Long identifying with Tampa’s DIY punk scene, Merchandise’s second proper album, Children of Desire, falls somewhere outside its genre barrier—but where, exactly, is difficult to pin down. It’s a noisy, painful, romantic gesture made by believers in capital-A Art and not so much in capital-B Business that has found them in an unfamiliar spotlight. For a band that allegedly turned down Pitchfork coverage (though that has since changed), their sold-out, three-night spree through NYC this September and hyped return for last week’s CMJ festival was nothing but unexpected, and maybe for no one more than the band.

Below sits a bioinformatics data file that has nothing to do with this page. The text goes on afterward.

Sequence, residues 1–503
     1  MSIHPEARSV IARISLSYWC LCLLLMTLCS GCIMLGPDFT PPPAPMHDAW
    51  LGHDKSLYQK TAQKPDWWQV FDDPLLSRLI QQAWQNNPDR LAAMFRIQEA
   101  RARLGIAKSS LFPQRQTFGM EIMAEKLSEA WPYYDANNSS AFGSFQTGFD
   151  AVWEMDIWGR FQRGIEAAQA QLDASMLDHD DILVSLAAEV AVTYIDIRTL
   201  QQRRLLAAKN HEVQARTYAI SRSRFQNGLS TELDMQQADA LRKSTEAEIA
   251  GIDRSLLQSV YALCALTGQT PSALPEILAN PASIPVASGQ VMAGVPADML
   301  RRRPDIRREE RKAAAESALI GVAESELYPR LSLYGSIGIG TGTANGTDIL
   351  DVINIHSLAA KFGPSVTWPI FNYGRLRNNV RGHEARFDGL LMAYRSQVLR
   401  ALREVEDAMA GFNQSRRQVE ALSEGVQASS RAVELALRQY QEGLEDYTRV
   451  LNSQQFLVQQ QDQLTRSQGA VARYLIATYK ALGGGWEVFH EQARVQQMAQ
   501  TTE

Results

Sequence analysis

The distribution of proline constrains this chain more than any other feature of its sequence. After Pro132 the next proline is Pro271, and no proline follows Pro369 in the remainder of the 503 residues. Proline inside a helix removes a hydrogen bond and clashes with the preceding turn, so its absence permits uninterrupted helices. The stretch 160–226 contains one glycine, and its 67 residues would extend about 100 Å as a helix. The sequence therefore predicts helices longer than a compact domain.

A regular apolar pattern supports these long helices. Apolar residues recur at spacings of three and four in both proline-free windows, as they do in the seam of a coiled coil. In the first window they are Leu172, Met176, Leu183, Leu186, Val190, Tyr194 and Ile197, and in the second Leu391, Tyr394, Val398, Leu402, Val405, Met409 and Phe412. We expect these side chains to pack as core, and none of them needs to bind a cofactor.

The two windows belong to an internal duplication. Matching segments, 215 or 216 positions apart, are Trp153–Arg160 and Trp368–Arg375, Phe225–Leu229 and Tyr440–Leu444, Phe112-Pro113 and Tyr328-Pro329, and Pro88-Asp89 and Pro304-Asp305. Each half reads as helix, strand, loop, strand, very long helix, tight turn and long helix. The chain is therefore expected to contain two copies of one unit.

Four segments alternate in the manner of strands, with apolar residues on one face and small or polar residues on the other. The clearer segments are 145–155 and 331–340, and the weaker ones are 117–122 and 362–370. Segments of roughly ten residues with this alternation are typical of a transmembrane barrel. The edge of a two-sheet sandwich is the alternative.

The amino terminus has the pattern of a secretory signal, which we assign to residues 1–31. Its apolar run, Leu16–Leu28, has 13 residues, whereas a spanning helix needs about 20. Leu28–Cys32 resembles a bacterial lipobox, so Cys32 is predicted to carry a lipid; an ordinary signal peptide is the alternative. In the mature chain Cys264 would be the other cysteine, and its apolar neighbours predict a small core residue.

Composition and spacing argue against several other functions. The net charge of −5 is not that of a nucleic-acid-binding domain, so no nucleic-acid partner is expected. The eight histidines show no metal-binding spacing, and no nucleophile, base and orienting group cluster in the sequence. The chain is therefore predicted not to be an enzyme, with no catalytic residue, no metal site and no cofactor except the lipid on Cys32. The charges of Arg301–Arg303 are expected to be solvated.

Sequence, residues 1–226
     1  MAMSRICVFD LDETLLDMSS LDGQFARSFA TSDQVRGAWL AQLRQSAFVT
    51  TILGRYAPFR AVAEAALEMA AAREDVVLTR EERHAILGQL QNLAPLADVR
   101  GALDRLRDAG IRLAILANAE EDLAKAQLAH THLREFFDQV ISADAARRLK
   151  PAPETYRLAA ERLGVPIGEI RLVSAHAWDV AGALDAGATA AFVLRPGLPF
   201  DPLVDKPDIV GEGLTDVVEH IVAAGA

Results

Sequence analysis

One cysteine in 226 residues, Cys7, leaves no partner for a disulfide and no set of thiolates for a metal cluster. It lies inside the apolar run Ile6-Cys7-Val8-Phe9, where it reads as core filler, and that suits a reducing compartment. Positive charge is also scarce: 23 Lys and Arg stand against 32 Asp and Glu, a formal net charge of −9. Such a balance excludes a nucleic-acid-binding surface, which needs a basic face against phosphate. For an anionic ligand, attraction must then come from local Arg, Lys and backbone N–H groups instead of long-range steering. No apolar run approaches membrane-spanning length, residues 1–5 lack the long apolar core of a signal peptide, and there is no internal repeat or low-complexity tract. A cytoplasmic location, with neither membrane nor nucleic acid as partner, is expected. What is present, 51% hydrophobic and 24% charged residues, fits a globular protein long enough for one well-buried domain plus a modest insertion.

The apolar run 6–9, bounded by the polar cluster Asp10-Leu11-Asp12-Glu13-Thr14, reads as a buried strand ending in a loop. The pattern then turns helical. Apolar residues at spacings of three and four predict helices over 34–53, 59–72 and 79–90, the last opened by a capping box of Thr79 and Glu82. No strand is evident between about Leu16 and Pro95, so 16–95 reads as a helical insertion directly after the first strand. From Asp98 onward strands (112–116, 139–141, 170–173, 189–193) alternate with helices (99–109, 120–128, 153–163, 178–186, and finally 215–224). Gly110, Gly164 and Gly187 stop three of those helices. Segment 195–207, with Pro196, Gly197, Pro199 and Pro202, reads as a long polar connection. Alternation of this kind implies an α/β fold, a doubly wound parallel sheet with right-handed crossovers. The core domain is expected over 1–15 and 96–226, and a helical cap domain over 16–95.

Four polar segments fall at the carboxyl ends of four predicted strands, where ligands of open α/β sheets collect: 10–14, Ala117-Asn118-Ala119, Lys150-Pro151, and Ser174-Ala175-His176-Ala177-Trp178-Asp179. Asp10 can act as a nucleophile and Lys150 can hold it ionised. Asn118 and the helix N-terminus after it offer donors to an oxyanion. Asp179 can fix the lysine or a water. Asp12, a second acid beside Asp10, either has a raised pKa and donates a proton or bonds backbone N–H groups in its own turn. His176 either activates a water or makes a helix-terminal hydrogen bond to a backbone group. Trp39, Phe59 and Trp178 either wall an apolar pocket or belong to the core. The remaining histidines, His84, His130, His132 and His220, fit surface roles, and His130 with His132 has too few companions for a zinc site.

Talking on the phone from his home in Florida fighting “some weird mouth infection” (“It’s not like I made out with any strange people while I was up in New York”) frontman Carson Cox reflects on the last few months, Merchandise’s desire to stay industry outsiders, and the frustration of being mistaken as a Brooklyn band—a label they don’t at all want. He’s extremely friendly and talks with little breaks, allowing a series of unfiltered thoughts and ideas to tumble out that occasionally bump into self-contradiction. Making sense of Internet success has never been easy though. Especially if you’re determined to fight the good fight.